In 1988, Otis introduced Remote Elevator Monitoring or REM, which is a diagnostic system for checking and monitoring elevator performance from distant locations. In 1995, the system was expanded to 8 of 18 countries by introducing REM III.
Otis purchased UK's oldest elevator company Express Lift Co. Ltd. of Northampton as well as Evans Lifts of Leichester in 1997. Later, both companies merged together to form "Express Evans".
In 2000, Otis introduced its machine-roomless elevator product, Gen2, which replaces conventional steel cables with flat polyurethane coated steel belts. It also features a smaller, energy-efficient gearless machine. The Gen2 elevator was introduced to the North American and Japanese market in 2003.
Otis introduced its destination dispatch system called "Compass" in 2005, which is similar to Schindler Miconic 10 elevators. In 2013, Otis introduced its new generation "CompassPlus" destination dispatch.
In 2013, Otis launched a new residential Gen2 Switch elevator that eliminates the need for three phase power, is solar-power capable, and uses battery technology to continue to run when the power goes out.
Otis has its headquarters in Farmington, Connecticut, USA and has major manufacturing facilities in America, Europe, and Asia. They have ten research centers globally, and six area headquarters located in:
- Farmington, Connecticut, USA
- Madrid, Spain
- Paris, France
- London, England
- Shanghai, China
Otis also have two tallest test towers. One is the Bristol Test Tower located in Connecticut, USA with a height of 384 ft (117 m), and another one is the Shibayama Test Tower located in Shibayama, Japan with a height of 505 ft (154 m). The Shibayama Test Tower is currently Otis's tallest test tower.
- Pre-Industry Years - Becker Equipment & Lifts Limited (United Kingdom)
- 1914 - Waygood & Co. (United Kingdom)
- 1947 - Officine Meccaniche STIGLER (Italy)
- 19?? - Flohr Aufzüge (Germany, renamed to Flohr-Otis in countries Flohr previously were operated in)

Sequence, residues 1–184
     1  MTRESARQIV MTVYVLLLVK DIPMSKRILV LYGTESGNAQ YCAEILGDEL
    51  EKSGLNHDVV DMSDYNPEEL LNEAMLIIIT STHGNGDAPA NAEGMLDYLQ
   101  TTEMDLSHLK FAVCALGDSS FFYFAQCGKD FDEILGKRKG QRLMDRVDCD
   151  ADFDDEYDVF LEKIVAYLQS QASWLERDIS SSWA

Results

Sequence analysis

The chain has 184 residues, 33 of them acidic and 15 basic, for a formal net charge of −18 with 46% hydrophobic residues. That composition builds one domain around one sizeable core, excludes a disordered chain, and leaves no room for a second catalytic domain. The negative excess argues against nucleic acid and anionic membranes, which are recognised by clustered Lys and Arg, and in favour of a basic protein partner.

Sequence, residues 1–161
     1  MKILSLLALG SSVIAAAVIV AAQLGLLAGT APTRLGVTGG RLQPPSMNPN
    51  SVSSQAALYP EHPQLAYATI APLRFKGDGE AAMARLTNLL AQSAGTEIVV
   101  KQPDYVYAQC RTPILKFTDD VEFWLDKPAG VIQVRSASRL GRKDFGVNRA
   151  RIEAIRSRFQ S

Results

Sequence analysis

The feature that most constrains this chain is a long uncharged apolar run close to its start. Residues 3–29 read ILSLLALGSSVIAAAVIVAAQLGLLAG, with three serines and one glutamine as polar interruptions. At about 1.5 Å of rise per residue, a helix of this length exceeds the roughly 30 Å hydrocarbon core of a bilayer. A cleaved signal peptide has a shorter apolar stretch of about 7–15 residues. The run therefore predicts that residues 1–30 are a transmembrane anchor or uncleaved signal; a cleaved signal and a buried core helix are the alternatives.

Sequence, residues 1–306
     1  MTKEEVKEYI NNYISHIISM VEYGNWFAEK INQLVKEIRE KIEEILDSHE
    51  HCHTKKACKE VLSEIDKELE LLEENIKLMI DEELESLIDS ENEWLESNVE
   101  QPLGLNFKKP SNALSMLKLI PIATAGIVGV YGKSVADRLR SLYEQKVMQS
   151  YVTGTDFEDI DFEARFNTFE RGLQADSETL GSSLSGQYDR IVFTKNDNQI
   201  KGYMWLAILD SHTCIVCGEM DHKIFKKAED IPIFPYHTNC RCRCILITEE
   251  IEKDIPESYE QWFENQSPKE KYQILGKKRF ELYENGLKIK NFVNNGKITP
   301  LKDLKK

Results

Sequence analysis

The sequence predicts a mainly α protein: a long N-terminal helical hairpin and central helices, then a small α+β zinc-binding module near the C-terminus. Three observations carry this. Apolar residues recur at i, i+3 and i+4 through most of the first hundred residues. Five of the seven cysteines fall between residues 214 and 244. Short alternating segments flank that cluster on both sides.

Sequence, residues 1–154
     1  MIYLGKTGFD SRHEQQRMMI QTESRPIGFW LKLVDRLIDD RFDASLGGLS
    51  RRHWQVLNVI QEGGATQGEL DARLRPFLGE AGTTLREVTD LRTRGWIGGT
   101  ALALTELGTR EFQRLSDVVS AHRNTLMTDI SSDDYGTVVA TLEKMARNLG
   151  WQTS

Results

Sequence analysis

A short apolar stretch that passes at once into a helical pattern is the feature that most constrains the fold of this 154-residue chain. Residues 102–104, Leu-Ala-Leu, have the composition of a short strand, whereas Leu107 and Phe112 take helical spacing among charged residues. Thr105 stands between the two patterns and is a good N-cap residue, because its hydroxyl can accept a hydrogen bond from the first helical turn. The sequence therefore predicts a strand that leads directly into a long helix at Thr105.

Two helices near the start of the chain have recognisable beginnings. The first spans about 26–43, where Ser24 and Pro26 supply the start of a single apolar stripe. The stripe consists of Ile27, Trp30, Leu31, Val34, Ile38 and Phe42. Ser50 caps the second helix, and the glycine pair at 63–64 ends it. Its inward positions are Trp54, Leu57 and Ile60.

- 1982 - Evans Lifts Limited (United Kingdom)
- 1984 - Falconi S.A.I.R. (Italy)
- 1985 - Ceam (Italy)
- 199? - Bunno Haack Aufzüge (Germany)
- 1995 - Boral Elevators (Australia)
- 1995 - Citas Engineering (Indonesia)
- 1997 - Express Lift Co. Ltd. (United Kingdom)
- 1999 - LG Elevator (South Korea, merged to became LG-OTIS and Sigma)
- 2003 - Amtech Elevator Services (United States)
- 2011 - Marshall Elevators (United States)
- 2016 - Schindler Elevator KK (Japan)
Notable elevator installations
- Main article: List of notable Otis elevator installations
- Main article: Otis Signal Control
Signal Control was the world first semi-automatic relay logic controlled elevator system from 1924.
Collective Control was the world first automatic relay logic controlled elevator system from around 1924. This system had automatic doors, and most likely 5 speeds. This system did not support very high speed applications.
- Main article: Otis Autotronic
The Autotronic (automatic electronic) elevators are automatic programmed elevators introduced in 1948. Unlike the earlier push-button models (Signal Control), these elevators were large, fast, and could change speeds and adjust their schedules to suit traffic demands, bypassing floors when fully loaded.
- Main article: Otis Elevonic 101
The Elevonic 101 was the first completely micro-processor-based elevator control system. It was introduced in 1979.
- Main article: Otis Elevonic 401
The second product of the Elevonic class, the Elevonic 401 was the first "human-engineered" elevator with synthesized speech, information display and security system. It was introduced in 1981.
Elevonic 411 and 311
Elevonic 411 and 311 were introduced in 1989 and were the most advanced elevator systems in the world. A year later, the modernization series for both models (411M and 311M) were launched.
- Main article: Otis 2000
Otis 2000 was a series of elevator models produced for the European market. It was launched in 1993.
Skyway was the first AC gearless elevator in the world with large load capacity and Double Deck elevator (1998). SkyWay has another name called "Super Double-Deck Elevator System (Chinese: 超級雙層升降機系統)".
- Main article: Otis SkyRise
SkyRise is Otis's high speed gearless elevator for high-rise buildings.
- Main article: Otis Gen2
Gen2 is Otis's flagship brand of machine room less elevators which was launched in 2000.
- Main article: Otis OH 5000
OH 5000 is Otis's current mid to high-rise elevator model. This model is also manufactured by Xizi Otis.
Compass and CompassPlus
- Main article: Otis Compass
Compass (now known as CompassPlus) is Otis' destination dispatch system, launched in 2005.